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LW - Communicating effectively under Knightian norms by Richard Ngo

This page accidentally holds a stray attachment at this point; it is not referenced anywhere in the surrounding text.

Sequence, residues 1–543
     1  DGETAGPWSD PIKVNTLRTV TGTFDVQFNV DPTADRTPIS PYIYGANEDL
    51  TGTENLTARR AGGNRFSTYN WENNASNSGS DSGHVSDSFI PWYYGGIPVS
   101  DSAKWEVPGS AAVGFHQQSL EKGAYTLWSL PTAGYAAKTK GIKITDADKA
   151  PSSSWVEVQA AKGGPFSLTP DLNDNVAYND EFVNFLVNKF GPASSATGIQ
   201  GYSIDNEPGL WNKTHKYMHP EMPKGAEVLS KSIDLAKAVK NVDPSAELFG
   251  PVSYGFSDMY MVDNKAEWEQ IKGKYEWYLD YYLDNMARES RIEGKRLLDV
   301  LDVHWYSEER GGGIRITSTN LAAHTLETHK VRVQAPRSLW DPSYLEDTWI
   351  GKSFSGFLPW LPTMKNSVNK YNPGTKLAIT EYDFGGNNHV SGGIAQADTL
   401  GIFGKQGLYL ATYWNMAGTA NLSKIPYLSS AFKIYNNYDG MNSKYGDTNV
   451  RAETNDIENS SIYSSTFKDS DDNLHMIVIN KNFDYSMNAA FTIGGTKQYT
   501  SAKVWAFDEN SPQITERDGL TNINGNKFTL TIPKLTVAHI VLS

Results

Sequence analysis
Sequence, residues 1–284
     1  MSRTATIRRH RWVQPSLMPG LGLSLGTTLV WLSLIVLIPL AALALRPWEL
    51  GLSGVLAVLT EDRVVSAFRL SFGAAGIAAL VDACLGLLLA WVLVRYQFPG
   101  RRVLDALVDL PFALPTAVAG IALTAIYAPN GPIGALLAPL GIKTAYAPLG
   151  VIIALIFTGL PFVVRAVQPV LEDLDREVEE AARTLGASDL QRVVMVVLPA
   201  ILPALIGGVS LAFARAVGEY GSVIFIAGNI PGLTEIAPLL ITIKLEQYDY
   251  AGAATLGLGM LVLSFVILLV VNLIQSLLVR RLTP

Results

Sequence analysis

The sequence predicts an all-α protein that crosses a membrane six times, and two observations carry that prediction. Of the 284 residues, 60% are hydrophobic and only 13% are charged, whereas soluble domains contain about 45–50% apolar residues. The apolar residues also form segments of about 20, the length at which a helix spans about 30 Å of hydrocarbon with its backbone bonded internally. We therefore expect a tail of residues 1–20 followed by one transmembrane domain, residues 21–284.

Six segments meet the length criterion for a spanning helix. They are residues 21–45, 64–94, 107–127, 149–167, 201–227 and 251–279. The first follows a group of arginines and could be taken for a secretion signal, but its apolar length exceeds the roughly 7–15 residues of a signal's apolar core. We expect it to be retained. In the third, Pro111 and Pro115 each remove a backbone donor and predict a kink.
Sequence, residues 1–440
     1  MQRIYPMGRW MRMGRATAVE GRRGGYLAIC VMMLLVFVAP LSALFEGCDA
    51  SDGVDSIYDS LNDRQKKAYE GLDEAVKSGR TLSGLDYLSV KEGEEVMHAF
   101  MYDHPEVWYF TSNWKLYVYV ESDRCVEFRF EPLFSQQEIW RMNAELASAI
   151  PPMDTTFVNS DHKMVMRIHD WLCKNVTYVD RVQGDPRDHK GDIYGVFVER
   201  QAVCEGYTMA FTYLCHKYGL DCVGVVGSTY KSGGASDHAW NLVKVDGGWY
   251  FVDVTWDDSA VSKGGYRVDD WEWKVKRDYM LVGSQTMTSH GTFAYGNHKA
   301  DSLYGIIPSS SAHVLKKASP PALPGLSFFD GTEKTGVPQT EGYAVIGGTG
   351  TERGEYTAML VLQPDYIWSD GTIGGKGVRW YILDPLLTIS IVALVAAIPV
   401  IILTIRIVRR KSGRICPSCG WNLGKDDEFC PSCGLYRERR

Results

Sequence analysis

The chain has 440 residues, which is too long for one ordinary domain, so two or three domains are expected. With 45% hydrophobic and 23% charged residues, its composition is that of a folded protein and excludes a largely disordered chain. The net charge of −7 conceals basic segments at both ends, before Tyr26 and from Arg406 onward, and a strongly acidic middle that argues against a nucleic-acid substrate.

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Welcome to The Nonlinear Library, where we use Text-to-Speech software to convert the best writing from the Rationalist and EA communities into audio. This is: Communicating effectively under Knightian norms, published by Richard Ngo on April 3, 2023 on LessWrong. tl;dr: rationalists concerned about AI risk often make claims that others consider not just unjustified, but unjustifiable using their current methodology, because of high-level disagreements about epistemology. If you actually want to productively discuss AI risk, make claims that can be engaged with by others who have a wide range of opinions about the appropriate level of Knightian uncertainty. I think that many miscommunications about AI risk are caused by a difference between two types of norms for how to talk about the likelihoods of unprecedented events. I'll call these "inside view norms" versus "Knightian norms", and describe them as follows: Inside view norms : when talking to others, you report your beliefs directly, without adjusting for "Knightian uncertainty" (i.e. possible flaws or gaps in your model of the world that you can't account for directly). Knightian norms: you report beliefs adjusted for your best estimate of the Knightian uncertainty. For example, if you can't imagine any plausible future in which humanity and aliens end up cooperating with each other, but you think this is a domain which faces heavy Knightian uncertainty, then you might report your credence that we'll ever cooperate with aliens as 20%, or 30%, or 10%, but definitely nowhere near 0. I'll give a brief justification of why Knightian norms seem reasonable to me, since I expect they're counterintuitive for most people on LW. On a principled level: when reasoning about complex domains like the future, the hardest part is often "knowing the right questions to ask", or narrowing down on useful categories at all. Some different ways in which a question might be the wrong one to ask: The question might have important ambiguities. For example, consider someone from 100 years ago asking "will humans be extinct in 1000 years?" Even for a concept like extinction that seems very black-and-white, there are many possible futures which are very non-central examples of either "extinct" or "not extinct" in the questioner's mind (e.g. all humans are digital; all humans are dramatically genetically engineered; all humans are merged with AIs; etc). And so it'd be appropriate to give an answer like "X% yes, Y% no, Z% this is the wrong question to ask". The question might be confused or ill-posed. For example, "how heavy is phlogiston?" You might be unable to conceptualize the actual answer. For example, suppose someone from 200 years ago asks "will physics be the fastest-moving science in the year 2023?" They think about all the sciences they know of, and all the possible future sciences they can imagine, and try to assign credences to them being the fastest-moving. But they'd very likely just totally fail to conceptualize the science that has turn out to be the fastest-moving: computer science (and machine learning more specifically). Even if they reason at a meta level "there are probably a bunch of future sciences I can basically not predict at all, so I should add credence to 'no'", the resulting uncertainty is Knightian in the sense that it's generated by reasoning about your ignorance rather than your actual models of the world. I therefore consider Knightian norms to be appropriate when you're reasoning about a domain in which these considerations seem particularly salient. I give some more clarifications at the end of the post (in particular on why I think Knightian norms are importantly different from modesty norms). However, I'm less interested in debating the value of Knightian norms directly, and more interested in their implications for how to communicate. If one person is following inside view norms and another is following Knightian norms, that can cause serious miscommunication...